Dr Jaideep Gogtay, Global Medical Director, Cipla Ltd explains how it works

Monoclonal antibody therapy, also known as cocktail therapy, has emerged as one of the effective and reliable treatment options for COVID-19. Therapy that aims to reduce viral loads and lessen the severity of symptoms, according to health experts, can also help reduce the risk of hospitalization by 70%. Although the therapy can be extremely effective, but according to global health experts, it is not a substitute for the COVID-19 vaccine. The therapy definitely gives our immune system a much-needed boost and helps the body form antibodies on its own. How does the therapy work? Does it have any side effects? Who is eligible to receive it? Here’s everything you need to know about the new therapy, which is apparently in high demand in India.

1. How is cocktail therapy (monoclonal antibody treatment) different from all other treatments used for the Covid patient?

Casirivimab and imdevimab are the two antibodies that are part of the antibody cocktail. These are proteins that mimic the ability of the immune system to fight off harmful viruses. They are artificially created in a lab and custom made to fight disease. Antibody cocktail therapy blocks virus attachment and subsequent entry into human cells. The use of two antibodies protects against the virus which develops resistance to them. The treatment helps patients infected with the new coronavirus by decreasing the risk of hospitalization by 70%, in high-risk patients, which can ease the burden on healthcare systems.

Other drugs such as steroids and other immunomodulators such as bariticinib and tocilizumab are given to patients with moderate to severe COVID-19 who are hospitalized and require oxygen support and have significant lung inflammation with accompanying increased immune activation. Recently, another antiviral drug, molnupiravir, was approved for restricted use by India’s regulatory agency in patients who do not need supplemental oxygen and are at high risk of developing serious illness.

2. How does monoclonal antibody work in covid patients? How effective is it?

Casirivimab and imdevimab are human immunoglobulin G-1 (IgG1) monoclonal antibodies produced by recombinant DNA technology. Casirivimab and imdevimab are monoclonal antibodies specifically directed against the spike protein of SARS-CoV-2, and designed to block virus attachment and entry into human cells. Two distinct antibodies bind non-competitively to the cell surface of the COVID-19 virus and prevent the virus from infecting healthy cells.

The antibody cocktail is effective in reducing the need for hospitalization by approximately 70% in eligible patients who receive the drug within 10 days of symptom onset. As this drug can be given to patients even with chronic kidney disease, chronic liver disease, immunocompromised people without significant side effects, this drug acts as a good alternative to other Covid treatment modalities in candidates eligible.

3. Which patients should receive monoclonal antibodies?

The antibody cocktail therapy has been approved by India’s regulatory authority, CDSCO, for restricted emergency use in patients with mild to moderate symptoms of COVID-19 in adults, children (12 years and more, weighing at least 40 kg, who are not hospitalized patients and do not require supplemental oxygen) and to patients who are at high risk* of developing severe COVID-19 disease and who do not require oxygen. The drug should be administered within 10 days of the onset of symptoms. Recently, Indian regulations also approved EUA for another indication of post-exposure prophylaxis where it also covers people aged 18 and over who have been/are exposed to someone with the virus or who have been/are exposed to the virus in an institutional setting (e.g. healthcare professionals). In summary, this means that people who are not fully vaccinated or who are vaccinated but are not expected to mount an adequate immune response to fight the virus can benefit from cocktail therapy. Therapy is important for those at high risk of exposure to someone infected with Covid.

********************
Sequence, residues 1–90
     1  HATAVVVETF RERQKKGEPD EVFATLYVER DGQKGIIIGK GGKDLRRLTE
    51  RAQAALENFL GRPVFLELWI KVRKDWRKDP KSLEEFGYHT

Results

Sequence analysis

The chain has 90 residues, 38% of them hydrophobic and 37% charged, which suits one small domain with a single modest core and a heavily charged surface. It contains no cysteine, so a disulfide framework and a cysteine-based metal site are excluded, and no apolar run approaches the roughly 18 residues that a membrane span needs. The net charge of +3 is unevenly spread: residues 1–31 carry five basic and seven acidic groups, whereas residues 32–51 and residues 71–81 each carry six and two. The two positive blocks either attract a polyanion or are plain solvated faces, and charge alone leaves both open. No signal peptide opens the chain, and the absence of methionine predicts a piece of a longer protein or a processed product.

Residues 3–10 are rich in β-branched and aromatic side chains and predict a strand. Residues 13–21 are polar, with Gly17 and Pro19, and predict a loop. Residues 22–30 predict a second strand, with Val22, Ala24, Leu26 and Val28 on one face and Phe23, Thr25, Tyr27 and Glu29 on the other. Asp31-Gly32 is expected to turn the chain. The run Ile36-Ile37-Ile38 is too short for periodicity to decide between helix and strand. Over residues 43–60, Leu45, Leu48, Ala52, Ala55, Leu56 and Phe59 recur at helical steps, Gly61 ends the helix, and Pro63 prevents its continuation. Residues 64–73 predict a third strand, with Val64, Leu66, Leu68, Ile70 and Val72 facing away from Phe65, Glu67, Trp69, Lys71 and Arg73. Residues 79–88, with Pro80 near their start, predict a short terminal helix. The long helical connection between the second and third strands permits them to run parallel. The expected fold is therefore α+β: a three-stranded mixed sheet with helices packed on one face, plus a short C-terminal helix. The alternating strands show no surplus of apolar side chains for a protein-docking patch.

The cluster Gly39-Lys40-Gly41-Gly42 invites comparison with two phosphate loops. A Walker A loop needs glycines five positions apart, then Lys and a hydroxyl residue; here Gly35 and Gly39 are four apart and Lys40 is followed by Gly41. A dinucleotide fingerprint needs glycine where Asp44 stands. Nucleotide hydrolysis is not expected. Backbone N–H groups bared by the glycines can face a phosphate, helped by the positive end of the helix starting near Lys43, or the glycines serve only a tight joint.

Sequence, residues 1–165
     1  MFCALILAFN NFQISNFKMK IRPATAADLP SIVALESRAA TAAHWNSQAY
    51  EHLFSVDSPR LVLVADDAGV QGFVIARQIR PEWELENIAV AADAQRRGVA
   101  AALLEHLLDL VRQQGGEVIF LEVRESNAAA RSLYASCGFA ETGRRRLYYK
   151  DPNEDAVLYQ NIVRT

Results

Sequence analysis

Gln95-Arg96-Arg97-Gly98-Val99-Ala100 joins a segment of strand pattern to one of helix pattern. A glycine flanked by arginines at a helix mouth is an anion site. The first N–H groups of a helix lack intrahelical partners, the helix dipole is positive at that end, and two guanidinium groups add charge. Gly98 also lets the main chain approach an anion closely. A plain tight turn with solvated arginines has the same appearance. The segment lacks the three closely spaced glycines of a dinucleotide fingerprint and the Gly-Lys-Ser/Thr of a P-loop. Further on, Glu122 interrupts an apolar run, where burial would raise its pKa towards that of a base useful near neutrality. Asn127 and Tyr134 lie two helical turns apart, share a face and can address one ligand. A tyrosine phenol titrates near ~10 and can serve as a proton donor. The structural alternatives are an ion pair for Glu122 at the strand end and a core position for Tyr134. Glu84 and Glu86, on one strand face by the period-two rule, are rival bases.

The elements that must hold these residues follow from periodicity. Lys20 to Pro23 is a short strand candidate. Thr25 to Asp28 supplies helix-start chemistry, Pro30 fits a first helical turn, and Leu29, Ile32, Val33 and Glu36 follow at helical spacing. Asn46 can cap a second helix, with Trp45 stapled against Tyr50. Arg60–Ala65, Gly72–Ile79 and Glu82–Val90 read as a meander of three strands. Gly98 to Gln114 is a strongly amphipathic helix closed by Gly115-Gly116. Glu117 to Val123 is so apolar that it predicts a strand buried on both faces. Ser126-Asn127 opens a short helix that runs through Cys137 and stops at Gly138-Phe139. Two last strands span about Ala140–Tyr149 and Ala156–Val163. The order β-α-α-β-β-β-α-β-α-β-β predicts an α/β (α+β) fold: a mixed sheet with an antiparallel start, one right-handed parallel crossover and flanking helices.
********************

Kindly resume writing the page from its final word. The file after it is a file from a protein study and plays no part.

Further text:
High-risk patients are those over the age of 60 with comorbidities such as obesity, type 1 or type 2 diabetes mellitus, or with chronic lung disease, including asthma, or chronic kidney disease, including those on dialysis, or suffering from serious cardiovascular disease. , liver disease, immune deficiencies, HIV (if poorly controlled or a sign of AIDS), sickle cell disease, thalassemia, and prolonged use of drugs that weaken the immune system.

4. What complications or side effects does a patient face after taking the monoclonal antibody?

No serious adverse effects have been reported in clinical trials. Some of the adverse events that may occur are infusion-related side effects such as fever, rash, etc. These were generally mild to moderate in intensity, with severe hypersensitivity reaction such as anaphylaxis being rarely reported in the trials.

5. Has the demand for monoclonal antibodies increased in the event of a pandemic? If yes, then in which wave? First, second or now?

Monoclonal antibody cocktail therapy was launched in May 2021 in India and the demand was high during the 2nd wave. With the recent increase in cases, yes, the demand for the antibody cocktail has increased significantly over the past 10 days.

Limitations to this permitted use include:

1. Post-exposure prophylaxis with Casirivimab and Imdevimab is not a substitute for vaccination against COVID-19.

2. Casirivimab and imdevimab are not authorized for pre-exposure prophylaxis for the prevention of COVID-19.

(The author is a Global Medical Director, Cipla Ltd)

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Posted: Thursday January 13th 2022, 12:26 PM IST